How to Start a Comic Book Collection, Frugally

Thanks to superhero movies The Dark Knight, comic book collecting is on the rise again. It’s a great hobby, collecting comics, since the books are dirt cheap. On average, they only cost $3.53. Plus, you might even profit from them if you sell your collection 10-20 years from now. On the downside, they’re addicting. You may start with a title or two now. But, before you know it, you’ll be overrun by 30 books and pay a monthly sum of over a $100. So, as a frugalist and comic book nerd, I’ve compiled some tips on how to start a comic book collection without getting financially burned.

1. Figure Out What You Like
If you’re new to comics or have been out of touch with it for years, it’s a good idea to snoop around the web and do your research. Find out which comics are hot. Check out lists from websites and blogs, such as their top 10 comics or favorite writers. If a title piques your interest, then wiki it to make sure it’s your cup of tea. Also look for some sample comics online. Publishers like Vertigo have free promotional comics on their website for your perusal. Doing all of these before going to a store will save you from trying out every title on the shelf.

2. Choose a Format
Comics comes in many format nowadays. So you can either collect by issue, or you can skip the issues and get the collected trades instead.

Getting the trade paperbacks is probably, by average, the cheapest way of getting comics. A trade is usually composed of a story arc and it’s released every 4-6 months. The downside of collecting trade paperbacks is that their resell value is low and they have flimsy protection.

Deluxe trades (and also omnibuses) is another option. Unlike trade paperbacks, deluxe trades collects more than just one story arc. So, most of the time, they’re cheaper than trade paperbacks. They also come in a sturdy binding and, since their printing is limited, their resell value can also go up. Deluxe trades only comes out once in a while though. But they’re worth the wait.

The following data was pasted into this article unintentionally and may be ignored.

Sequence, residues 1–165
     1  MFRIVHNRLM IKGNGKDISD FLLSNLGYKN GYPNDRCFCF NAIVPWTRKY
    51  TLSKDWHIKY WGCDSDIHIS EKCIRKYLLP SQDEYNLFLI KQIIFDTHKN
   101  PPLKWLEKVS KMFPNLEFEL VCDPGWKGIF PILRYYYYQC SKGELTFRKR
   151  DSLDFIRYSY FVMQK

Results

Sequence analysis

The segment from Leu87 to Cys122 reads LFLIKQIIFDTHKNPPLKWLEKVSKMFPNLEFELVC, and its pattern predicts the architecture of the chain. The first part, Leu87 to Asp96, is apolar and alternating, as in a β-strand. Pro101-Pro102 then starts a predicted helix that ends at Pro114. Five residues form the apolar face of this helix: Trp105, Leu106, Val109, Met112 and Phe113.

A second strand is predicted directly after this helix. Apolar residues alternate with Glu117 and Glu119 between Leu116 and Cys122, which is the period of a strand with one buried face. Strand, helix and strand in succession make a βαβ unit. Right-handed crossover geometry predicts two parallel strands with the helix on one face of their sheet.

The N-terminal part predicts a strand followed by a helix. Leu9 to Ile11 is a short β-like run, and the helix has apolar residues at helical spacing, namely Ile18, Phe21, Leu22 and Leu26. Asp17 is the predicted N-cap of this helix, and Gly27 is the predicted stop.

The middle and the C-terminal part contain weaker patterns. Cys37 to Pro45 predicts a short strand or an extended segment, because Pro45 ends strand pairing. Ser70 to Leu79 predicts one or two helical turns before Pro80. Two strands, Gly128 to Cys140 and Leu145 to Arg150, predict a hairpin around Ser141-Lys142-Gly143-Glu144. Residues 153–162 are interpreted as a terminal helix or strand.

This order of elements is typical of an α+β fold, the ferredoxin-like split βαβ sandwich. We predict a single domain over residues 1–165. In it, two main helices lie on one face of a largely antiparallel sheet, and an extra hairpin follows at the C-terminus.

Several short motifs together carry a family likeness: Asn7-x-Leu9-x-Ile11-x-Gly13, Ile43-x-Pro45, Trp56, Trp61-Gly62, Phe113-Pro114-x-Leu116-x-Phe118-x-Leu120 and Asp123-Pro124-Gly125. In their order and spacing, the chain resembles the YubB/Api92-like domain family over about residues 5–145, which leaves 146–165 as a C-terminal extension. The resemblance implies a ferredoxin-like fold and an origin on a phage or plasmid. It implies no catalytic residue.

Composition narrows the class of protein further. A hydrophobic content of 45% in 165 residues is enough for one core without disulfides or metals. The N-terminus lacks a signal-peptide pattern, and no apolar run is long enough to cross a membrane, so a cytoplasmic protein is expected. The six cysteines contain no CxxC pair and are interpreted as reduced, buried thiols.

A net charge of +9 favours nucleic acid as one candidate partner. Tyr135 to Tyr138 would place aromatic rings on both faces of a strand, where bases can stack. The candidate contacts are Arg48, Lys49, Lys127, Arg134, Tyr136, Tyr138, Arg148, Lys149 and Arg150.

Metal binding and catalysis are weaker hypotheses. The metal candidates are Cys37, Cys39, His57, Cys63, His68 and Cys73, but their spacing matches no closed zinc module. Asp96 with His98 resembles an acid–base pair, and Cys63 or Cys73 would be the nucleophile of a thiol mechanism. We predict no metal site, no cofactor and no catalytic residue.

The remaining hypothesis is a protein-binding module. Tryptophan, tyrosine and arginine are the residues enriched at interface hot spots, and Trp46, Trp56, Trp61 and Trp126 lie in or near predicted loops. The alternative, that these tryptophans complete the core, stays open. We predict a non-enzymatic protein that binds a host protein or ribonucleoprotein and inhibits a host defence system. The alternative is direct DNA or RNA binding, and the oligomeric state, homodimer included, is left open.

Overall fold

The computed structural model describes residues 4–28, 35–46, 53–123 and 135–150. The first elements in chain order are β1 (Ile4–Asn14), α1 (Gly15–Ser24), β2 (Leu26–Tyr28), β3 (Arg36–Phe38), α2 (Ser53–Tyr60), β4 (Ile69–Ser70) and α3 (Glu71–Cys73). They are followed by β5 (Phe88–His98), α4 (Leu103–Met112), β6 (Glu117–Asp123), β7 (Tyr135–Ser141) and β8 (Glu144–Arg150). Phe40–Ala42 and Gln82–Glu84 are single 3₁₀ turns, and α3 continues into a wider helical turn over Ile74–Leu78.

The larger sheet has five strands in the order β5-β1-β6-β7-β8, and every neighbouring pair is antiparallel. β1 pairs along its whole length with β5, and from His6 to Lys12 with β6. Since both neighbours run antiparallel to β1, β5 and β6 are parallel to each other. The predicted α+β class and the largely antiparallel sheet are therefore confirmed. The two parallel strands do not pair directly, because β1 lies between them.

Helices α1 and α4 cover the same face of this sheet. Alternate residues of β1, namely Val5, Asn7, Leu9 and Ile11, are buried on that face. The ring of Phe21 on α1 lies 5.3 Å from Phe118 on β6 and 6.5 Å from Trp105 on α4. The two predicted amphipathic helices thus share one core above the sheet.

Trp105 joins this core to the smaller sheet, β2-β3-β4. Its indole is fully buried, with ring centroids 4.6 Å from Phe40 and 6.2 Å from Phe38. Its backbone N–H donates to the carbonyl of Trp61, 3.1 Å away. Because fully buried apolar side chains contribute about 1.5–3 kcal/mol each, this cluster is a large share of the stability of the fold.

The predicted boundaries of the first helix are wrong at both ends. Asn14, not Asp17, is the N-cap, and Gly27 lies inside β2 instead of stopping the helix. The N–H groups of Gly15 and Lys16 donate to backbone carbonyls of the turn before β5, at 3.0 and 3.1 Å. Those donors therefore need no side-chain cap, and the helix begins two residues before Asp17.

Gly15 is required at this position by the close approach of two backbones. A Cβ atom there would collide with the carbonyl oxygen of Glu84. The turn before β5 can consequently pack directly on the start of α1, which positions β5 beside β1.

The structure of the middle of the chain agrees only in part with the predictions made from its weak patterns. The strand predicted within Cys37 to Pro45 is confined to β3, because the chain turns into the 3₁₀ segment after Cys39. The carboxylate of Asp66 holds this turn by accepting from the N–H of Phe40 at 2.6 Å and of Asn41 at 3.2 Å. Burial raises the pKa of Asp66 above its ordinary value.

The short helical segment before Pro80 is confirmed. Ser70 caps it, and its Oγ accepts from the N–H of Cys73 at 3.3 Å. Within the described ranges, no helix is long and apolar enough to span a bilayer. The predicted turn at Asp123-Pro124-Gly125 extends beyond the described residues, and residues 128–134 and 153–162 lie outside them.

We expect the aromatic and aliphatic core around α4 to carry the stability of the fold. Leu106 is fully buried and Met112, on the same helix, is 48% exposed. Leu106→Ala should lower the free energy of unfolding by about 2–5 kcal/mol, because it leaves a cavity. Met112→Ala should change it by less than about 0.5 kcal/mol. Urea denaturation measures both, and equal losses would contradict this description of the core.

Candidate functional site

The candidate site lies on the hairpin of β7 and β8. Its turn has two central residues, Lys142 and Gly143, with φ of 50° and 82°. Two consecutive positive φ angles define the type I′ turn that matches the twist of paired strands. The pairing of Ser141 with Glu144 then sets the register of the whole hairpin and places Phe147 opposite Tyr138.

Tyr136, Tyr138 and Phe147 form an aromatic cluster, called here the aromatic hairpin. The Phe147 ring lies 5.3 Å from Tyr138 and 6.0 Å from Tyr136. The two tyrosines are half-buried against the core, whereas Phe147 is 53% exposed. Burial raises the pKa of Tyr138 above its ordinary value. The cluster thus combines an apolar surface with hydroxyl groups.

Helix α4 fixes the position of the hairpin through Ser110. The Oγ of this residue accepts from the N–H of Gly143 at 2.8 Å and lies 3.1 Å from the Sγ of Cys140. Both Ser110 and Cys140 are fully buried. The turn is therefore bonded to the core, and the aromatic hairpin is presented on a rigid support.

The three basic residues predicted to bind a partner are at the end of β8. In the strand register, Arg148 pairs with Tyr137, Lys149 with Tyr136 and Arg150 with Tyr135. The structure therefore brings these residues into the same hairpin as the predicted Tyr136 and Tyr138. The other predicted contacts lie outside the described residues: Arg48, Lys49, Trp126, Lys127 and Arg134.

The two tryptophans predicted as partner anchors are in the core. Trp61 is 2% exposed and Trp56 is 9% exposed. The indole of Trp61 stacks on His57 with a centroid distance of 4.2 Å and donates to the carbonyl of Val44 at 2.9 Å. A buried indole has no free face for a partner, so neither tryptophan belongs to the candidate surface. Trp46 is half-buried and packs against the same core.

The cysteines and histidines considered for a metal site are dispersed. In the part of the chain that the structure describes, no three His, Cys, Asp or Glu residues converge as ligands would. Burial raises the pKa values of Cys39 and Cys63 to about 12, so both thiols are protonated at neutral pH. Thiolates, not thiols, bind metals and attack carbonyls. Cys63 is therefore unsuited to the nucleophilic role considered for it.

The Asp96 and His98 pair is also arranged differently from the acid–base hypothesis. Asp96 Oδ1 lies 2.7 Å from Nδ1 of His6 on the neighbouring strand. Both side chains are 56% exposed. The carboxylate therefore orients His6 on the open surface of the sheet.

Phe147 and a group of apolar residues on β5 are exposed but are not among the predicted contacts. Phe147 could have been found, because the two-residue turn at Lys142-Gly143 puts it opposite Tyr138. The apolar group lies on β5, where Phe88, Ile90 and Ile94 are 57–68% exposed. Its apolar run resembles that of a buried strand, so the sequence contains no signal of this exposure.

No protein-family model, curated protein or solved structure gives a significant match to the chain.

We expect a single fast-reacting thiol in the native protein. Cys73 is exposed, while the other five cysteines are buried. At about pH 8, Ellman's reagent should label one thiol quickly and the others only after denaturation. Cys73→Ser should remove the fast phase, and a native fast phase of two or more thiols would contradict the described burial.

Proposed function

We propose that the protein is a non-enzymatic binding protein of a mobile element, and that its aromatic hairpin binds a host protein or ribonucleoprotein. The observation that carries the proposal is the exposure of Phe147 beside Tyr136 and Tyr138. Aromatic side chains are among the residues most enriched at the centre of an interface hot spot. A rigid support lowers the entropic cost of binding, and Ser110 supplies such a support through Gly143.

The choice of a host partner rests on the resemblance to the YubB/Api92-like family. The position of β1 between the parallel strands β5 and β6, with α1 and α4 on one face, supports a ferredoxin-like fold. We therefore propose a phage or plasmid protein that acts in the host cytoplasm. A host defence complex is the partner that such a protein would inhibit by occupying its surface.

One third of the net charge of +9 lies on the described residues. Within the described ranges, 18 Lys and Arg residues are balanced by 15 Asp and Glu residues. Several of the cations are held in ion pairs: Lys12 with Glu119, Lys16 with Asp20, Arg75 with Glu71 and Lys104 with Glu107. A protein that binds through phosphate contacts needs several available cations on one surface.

If you happen to have an iPad, you might want to look into digital comics. It’s the easiest way of getting comics. Plus, you won’t have to worry about physical storage. The average pricing is still unclear though. Some digital comics cost $1.50. Some are free. Weirdly enough, Marvel’s digital comics costs 3 times more than their paper copies.

3. Where to Buy
The traditional way of getting comics is through a comic book store. If you have an abundance of stores near your area, try to pick a store that has perks. My comic store, for example, offers 20% discount on everything if you have 20 titles on your pull list, boards and bags your comics for free, and gives you a short comic box for every 300 issues you bought from them.

Unfortunately, not everyone lives close to a store. So another way of getting comics is with a publisher subscription. This method is also cheap. I have a subscription with Marvel and have saved 43-47% on comics. However, the books are sent by mail with only a wrapper and board. So the book’s condition can be pretty bad once it gets to you.

A subscription with an online distributor is another option. Right now, I have a subscription at DCBS and I’ve been saving up to %40 on all comics. Shipping is also very fast and, since its delivered by UPS, it also comes in good condition. However, every shipping costs $6.25. But you can choose to ship your order monthly instead of weekly to save money.

4. Storage and Maintenance
If you decide to collect by issue, then you have to protect your investment by storing it properly. Neglecting to do so will badly damage your books and decrease their value. However, simply storing it in a drawer or wrapping them in plastic will not do. I can go on in here but this dude (click link for video) is better than me in showing you on how to properly protect and store your books (as well as the wrong ways to store your books).

As for the maintenance, I’m not talking about keeping your collection in shape, but rather your pull list. Like I said earlier, you can be easily overrun by comics. So you have to keep a close eye on your growing monthly pull list. The easiest way to do this is to cap your spending to a certain amount or limit yourself to a number of books. That way, you can’t just keep adding books to your list, willy nilly.

Well, that pretty much sums up up my guide on how to start a comic book collection, the frugal way. In case some of you guys want to start a collection but don’t know what books to get, I’ll also post a list of my favorite comics and writers in here to jump start you. So, keep an eye out for it.

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One Response to How to Start a Comic Book Collection, Frugally

  1. Pingback: Best of the Noughties (2000-2009): Comics « The Frugal Nerd

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